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I simply can’t be too enthusiastic about Grignan, which we now look upon like a home away from home — well, Le Clair de la Plume, anyway. I’ve written about it in another of our travel sites ("Heaven and other Places” — see Map Menu ), and our opinion has been only enhanced after another stay there. It was previously a B&B; but Le Clair is now almost a hotel, inasmuch as you could stay in all day and get fed throughout (although not from a full à la carte menu, you understand); and staying in all day here is a serious temptation ! Jean-Luc Valadeau, whose place it is, is a truly nice man; part of his niceness is his wonderfully good taste, which you see everywhere you look ... as I believe I’ve said before ...

Memory: waiting to check in to Le Clair de la Plume while some Americans are checking out (occupying all the space); being utterly delighted to find that Jean-Luc hasn’t changed one iota in the last four years, and wondering why he’s giving me the occasional puzzled glance in between finalising their bill … Turns out he isn’t sure if it’s me — I’ve dropped enough kilos to cause question-marks.   :-)

Our days here start with a gorgeous breakfast, looking out onto the blossoming Spring garden, before we set out on our day of exploration; and finish in our wonderfully sleep-inducing bed in our utterly entrancing room. I know I sound as if I’m on commission: I can’t help it !; the fact is that we hope never to go to France again unless the trip includes Grignan and Le Clair de la Plume.

Memory: waking, and sitting up in bed on our first night there, at around 4:30am, to watch the moon; she has sailed sumptuously into view through our window, but is already paling in the early morning light …

The second really marvellous thing about our stay in Grignan is Montirius. This is a wine-growing property of which we already have first-hand but distant knowledge; our Swiss mate sent CS some wine during the year, organising it to come up to Sydney from a Melbourne wine-shop, and one of the bottles was a Montirius “Gigondas” 1999. We drank it in a kind of mesmerised state, once the first sip went down, for it was an absolutely wonderful wine, and I enjoyed it more than any other wine ever drunk in Australia.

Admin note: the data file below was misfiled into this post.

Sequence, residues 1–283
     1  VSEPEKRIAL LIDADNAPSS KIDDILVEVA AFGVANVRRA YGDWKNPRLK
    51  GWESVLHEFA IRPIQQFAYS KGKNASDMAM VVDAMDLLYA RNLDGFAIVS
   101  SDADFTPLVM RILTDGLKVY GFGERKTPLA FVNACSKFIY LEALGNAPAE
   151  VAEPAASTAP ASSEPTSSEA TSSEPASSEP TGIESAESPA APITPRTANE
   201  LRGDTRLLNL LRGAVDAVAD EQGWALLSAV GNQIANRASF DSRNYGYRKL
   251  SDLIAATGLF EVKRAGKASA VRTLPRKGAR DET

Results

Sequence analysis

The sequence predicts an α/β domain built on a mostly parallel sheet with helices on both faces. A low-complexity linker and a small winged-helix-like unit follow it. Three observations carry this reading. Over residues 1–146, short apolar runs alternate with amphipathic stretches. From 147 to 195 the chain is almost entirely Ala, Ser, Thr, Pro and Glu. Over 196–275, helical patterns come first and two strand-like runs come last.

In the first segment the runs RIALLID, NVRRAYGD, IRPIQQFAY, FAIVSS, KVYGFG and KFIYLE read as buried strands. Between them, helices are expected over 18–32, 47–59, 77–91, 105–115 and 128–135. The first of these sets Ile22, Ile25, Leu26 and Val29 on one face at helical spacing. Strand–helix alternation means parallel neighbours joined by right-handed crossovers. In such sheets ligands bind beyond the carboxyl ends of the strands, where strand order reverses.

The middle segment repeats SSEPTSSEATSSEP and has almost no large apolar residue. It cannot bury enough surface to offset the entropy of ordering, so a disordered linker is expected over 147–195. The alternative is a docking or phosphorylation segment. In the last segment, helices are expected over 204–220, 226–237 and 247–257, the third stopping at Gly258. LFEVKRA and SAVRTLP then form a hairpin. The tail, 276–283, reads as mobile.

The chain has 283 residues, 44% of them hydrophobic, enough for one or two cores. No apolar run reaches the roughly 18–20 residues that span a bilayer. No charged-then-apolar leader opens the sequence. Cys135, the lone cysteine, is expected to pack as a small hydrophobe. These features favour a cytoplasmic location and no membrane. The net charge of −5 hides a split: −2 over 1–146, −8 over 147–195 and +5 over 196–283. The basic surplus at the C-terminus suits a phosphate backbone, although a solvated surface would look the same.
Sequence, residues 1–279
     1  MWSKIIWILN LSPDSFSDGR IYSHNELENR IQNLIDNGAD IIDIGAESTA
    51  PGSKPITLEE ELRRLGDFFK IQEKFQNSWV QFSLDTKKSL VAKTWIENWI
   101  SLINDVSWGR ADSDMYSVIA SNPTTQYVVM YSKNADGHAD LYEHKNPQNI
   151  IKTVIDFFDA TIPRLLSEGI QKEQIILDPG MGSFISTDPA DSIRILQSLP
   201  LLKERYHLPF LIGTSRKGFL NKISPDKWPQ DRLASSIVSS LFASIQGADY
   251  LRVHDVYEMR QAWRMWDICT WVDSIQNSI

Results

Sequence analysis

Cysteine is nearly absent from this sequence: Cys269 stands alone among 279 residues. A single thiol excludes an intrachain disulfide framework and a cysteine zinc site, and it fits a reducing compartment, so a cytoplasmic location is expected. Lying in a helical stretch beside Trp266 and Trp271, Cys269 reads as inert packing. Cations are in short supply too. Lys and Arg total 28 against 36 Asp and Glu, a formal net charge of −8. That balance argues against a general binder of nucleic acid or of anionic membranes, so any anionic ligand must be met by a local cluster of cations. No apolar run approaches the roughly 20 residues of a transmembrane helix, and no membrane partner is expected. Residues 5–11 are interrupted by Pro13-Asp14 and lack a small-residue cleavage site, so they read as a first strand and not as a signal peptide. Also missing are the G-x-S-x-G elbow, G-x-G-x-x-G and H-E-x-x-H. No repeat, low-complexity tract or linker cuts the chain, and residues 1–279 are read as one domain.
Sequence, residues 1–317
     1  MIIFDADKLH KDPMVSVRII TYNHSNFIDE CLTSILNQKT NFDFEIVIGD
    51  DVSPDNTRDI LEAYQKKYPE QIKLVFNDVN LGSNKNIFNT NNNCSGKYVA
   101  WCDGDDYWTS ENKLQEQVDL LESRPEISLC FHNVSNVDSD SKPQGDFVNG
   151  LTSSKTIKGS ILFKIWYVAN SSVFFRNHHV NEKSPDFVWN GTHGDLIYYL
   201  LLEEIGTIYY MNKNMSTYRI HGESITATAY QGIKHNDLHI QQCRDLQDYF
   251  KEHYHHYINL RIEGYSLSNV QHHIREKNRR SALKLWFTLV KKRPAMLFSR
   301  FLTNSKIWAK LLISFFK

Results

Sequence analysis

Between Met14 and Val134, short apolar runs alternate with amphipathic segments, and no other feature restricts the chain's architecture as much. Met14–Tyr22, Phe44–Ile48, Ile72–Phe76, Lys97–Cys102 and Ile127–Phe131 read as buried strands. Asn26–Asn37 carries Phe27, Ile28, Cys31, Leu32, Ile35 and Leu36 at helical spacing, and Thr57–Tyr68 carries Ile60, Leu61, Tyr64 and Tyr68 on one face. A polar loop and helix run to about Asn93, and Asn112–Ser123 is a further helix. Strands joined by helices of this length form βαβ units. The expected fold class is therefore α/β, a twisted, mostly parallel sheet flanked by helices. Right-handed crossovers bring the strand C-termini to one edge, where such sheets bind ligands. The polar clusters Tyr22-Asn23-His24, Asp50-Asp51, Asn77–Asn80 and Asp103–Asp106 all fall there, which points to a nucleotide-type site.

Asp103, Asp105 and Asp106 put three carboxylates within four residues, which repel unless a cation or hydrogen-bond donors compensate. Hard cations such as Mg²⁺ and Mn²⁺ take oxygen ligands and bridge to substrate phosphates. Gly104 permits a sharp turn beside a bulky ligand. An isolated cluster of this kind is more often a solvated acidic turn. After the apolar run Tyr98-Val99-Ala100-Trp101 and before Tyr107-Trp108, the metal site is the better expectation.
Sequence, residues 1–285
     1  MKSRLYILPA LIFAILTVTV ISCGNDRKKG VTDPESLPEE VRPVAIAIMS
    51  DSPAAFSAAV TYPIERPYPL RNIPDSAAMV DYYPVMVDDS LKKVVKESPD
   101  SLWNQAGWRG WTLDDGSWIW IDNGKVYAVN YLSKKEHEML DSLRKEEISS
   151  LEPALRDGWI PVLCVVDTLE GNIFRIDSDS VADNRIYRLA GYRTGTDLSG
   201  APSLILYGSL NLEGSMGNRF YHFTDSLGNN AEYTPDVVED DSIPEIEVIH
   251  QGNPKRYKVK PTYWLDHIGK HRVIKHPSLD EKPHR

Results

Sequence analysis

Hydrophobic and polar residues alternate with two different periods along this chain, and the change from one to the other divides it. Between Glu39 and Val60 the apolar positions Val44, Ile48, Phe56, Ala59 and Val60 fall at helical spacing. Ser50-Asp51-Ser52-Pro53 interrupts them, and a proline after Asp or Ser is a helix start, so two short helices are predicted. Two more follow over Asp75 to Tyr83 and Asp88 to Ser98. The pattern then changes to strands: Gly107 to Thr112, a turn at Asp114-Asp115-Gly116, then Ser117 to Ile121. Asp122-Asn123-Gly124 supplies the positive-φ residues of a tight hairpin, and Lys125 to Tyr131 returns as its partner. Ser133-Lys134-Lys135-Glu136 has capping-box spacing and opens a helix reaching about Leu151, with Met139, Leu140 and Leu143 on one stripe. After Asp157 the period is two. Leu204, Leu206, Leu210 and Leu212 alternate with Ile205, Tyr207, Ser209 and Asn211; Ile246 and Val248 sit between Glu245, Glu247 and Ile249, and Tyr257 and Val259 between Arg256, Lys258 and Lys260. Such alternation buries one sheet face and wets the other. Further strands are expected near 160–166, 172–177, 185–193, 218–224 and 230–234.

We go looking for the Montirius vineyards, therefore, in a state of enormous anticipation, and aren’t disappointed — we’re given star treatment by the distaff half of the partnership. Christine Saurel, the beautiful, intelligent and highly articulate wife of Eric, brings out an unopened bottle of each of their range of seven wines, and we taste them all while she tells us about Montirius in her totally excellent English. We must be there for a couple of hours, for she’s fascinating; but eventually, Eric and no. 3 child (son Marius) arrive home for lunch, and we drag ourselves reluctantly away. We also buy six bottles of Montirius rosé and six of the Montirius “Gigondas” 2000, and drink them gradually and gratefully over the next five weeks, acknowledging Manon, Justine and Marius — the Saurels’ three children, after whom the vineyard is named — each time …

Today we have our very first experience — to be repeated many times over the next few weeks — of France’s E. Leclerc supermarket chain. Struth ! The one in Valreas is easily the biggest supermarket I’ve ever been in, and its range is … like, big. Like, huge , in fact. Perhaps INDESCRIBABLY ENORMOUS is a truer description … Anyway, they sell lots of stuff, and their prices really are good. We develop quite a taste for shopping at Leclerc, all over the place. Only problem is that they’re all different; different ranges, different sizes, different opening hours (rage !) … For it musn’t be forgotten than France shuts at lunchtime. Still !

 

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